The Unthinking Majority
Capitol Square Crapper, CommieTommie Harkin put his name to an OpEd piece.
Harkin: Constitution's Framers did not envision a 60-vote supermajority
The Ragister allows CommieTommie to justify the changes in the U.S. Senate filibuster rules.
Harkin even harps, as a member of the Senate minority, I first introduced a proposal to reform the filibuster.
It's easy to propose change, whether in the minority or majority, when you know there's no chance for change and the scientific community is united in that fact.
What's telling is Harkin's 2005 reaction, when Republican's were in control and the discussion was about a rule change to obtain an up or down vote on President Bush's judicial nominees.
CommieTommie cried it was, "the end of the Senate as we know it" because it would dash the protections that the Senate has always afforded lawmakers in the minority and, by extension, their constituents.
Hyperbole from a hypocrite.
CommieTommie cites the vision of Framer's of the Constitution for his argument.
The Framer's did not envision a full time CONgress either.
Our American Founding Fathers had envisioned serving in Congress as a part-time job. Citizen legislators would come to Washington a few weeks in the winter (before the beginning of the planting season, because many were active farmers) and tend to the nation's business before going back home to attend to their own business.
In the days of earliest America, Roger Sherman of Connecticut — a signer of the Declaration of Independence — understood the positive aspects of a part-time national legislature. At the Constitutional Convention in 1787, he opined that "Representatives ought to return home and mix with the people. By remaining at the seat of government, they would acquire the habits of the place, which might differ from those of their constituents."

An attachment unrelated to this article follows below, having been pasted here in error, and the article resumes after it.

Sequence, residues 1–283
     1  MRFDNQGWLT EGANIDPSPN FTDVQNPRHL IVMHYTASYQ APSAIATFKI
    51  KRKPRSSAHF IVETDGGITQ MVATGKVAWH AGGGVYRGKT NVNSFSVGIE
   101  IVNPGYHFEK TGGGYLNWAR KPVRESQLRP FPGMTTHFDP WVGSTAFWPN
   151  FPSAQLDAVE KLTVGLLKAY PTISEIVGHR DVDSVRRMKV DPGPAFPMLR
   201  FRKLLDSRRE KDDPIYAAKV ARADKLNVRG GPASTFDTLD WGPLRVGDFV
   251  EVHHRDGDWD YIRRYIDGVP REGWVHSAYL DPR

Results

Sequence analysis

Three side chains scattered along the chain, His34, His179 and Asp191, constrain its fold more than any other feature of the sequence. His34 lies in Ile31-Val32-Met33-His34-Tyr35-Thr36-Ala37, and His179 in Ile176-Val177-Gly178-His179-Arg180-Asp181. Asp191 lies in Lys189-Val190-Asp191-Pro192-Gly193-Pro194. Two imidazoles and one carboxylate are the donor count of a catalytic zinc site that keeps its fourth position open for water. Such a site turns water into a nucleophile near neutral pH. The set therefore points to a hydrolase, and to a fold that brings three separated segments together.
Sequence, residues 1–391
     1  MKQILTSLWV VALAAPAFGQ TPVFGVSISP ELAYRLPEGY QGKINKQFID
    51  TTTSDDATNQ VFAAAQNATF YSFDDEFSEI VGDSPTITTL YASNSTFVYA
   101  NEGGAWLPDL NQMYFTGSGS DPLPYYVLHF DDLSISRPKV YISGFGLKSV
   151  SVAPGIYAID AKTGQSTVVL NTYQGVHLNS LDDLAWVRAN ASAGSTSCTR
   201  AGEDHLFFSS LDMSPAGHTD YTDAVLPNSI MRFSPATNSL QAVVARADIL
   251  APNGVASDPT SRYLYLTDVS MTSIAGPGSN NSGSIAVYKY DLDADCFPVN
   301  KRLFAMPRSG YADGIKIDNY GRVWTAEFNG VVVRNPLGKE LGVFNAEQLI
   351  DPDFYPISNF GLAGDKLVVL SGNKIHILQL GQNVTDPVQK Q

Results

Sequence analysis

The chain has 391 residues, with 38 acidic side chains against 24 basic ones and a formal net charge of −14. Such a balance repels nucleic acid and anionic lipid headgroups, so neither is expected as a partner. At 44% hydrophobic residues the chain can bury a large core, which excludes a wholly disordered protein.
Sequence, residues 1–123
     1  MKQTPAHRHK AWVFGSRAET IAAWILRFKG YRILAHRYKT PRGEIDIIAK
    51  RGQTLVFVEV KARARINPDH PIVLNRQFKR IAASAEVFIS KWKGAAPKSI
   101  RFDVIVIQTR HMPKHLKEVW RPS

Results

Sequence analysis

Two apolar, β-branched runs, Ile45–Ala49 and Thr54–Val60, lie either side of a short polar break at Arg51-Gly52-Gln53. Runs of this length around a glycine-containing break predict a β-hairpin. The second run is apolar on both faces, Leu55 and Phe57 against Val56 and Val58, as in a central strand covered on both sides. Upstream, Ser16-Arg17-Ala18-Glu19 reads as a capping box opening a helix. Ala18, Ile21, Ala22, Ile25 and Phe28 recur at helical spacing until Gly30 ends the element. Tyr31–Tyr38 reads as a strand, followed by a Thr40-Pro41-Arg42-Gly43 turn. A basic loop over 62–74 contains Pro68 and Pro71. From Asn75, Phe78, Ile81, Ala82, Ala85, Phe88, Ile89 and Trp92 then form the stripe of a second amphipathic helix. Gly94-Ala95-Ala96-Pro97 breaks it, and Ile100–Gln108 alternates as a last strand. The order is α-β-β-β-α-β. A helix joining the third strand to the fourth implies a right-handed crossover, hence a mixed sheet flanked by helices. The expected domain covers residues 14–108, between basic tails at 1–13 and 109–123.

From 1789 to 1815, members of Congress couldn't afford to stay year-round in Washington because they were paid so poorly. Senators and representatives made just a few dollars a day. In 1815, they began receiving $1,500 a year salary. In 1855 that doubled. By 1935, they were making $10,000 a year. But most members of Congress still needed day jobs.
Even into the 1960s, members of Congress "were out of session about as much as they were in, and they had almost no personal and committee staffers assigned to them unless they were senior and powerful," says Larry Sabato, an American history professor at the University of Virginia and director of the university's Center for Politics. It wasn't until the 1970s that members of Congress began seeing their positions as year-round commitments.
The place became packed with lawyers, like Harkin, in the 1970s and that is why you get salaries of $174,000 and legislation you have to pass so that you can find out what is in it.